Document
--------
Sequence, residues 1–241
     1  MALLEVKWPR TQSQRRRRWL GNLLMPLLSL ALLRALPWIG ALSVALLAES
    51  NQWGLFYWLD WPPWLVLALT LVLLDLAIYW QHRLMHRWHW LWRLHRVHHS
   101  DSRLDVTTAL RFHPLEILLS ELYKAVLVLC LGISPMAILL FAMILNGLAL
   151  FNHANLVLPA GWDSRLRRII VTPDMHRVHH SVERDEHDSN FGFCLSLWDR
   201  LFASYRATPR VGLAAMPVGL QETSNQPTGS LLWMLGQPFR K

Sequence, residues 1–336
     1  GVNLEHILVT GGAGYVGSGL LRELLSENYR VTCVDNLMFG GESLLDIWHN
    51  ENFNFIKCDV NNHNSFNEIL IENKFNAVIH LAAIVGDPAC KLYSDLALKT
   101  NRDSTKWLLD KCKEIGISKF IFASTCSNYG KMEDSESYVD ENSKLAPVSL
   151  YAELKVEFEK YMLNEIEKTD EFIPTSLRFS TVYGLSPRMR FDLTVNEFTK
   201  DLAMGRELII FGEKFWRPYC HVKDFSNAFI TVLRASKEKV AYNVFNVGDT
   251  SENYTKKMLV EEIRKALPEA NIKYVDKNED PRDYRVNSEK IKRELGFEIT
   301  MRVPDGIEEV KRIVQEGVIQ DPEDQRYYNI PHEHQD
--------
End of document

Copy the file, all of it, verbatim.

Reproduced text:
Sequence, residues 1–241
     1  MALLEVKWPR TQSQRRRRWL GNLLMPLLSL ALLRALPWIG ALSVALLAES
    51  NQWGLFYWLD WPPWLVLALT LVLLDLAIYW QHRLMHRWHW LWRLHRVHHS
   101  DSRLDVTTAL RFHPLEILLS ELYKAVLVLC LGISPMAILL FAMILNGLAL
   151  FNHANLVLPA GWDSRLRRII VTPDMHRVHH SVERDEHDSN FGFCLSLWDR
   201  LFASYRATPR VGLAAMPVGL QETSNQPTGS LLWMLGQPFR K

Sequence, residues 1–336
     1  GVNLEHILVT GGAGYVGSGL LRELLSENYR VTCVDNLMFG GESLLDIWHN
    51  ENFNFIKCDV NNHNSFNEIL IENKFNAVIH LAAIVGDPAC KLYSDLALKT
   101  NRDSTKWLLD KCKEIGISKF IFASTCSNYG KMEDSESYVD ENSKLAPVSL
   151  YAELKVEFEK YMLNEIEKTD EFIPTSLRFS TVYGLSPRMR FDLTVNEFTK
   201  DLAMGRELII FGEKFWRPYC HVKDFSNAFI TVLRASKEKV AYNVFNVGDT
   251  SENYTKKMLV EEIRKALPEA NIKYVDKNED PRDYRVNSEK IKRELGFEIT
   301  MRVPDGIEEV KRIVQEGVIQ DPEDQRYYNI PHEHQD